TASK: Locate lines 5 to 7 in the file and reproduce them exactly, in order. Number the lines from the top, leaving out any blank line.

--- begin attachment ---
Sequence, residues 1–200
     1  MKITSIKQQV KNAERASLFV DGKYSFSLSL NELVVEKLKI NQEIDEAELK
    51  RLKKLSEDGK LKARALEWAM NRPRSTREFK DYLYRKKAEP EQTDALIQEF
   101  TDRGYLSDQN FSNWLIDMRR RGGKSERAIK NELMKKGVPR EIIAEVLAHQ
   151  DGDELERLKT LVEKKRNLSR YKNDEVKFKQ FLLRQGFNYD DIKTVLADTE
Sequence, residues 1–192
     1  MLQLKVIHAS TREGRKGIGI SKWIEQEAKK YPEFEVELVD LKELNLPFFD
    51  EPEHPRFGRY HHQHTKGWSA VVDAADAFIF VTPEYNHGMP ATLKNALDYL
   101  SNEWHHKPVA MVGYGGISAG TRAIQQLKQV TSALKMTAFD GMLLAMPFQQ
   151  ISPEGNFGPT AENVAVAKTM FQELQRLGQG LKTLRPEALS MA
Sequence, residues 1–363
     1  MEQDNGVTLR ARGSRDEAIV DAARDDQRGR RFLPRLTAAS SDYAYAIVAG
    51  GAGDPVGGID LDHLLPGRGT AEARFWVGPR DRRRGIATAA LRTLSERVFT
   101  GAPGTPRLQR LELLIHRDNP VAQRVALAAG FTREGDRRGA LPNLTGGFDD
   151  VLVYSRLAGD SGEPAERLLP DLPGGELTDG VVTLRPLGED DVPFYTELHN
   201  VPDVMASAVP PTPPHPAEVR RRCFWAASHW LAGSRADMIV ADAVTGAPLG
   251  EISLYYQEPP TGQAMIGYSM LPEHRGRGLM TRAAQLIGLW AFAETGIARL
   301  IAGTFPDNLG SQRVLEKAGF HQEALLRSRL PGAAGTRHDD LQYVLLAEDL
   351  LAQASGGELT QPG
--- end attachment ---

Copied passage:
   151  DGDELERLKT LVEKKRNLSR YKNDEVKFKQ FLLRQGFNYD DIKTVLADTE
Sequence, residues 1–192
     1  MLQLKVIHAS TREGRKGIGI SKWIEQEAKK YPEFEVELVD LKELNLPFFD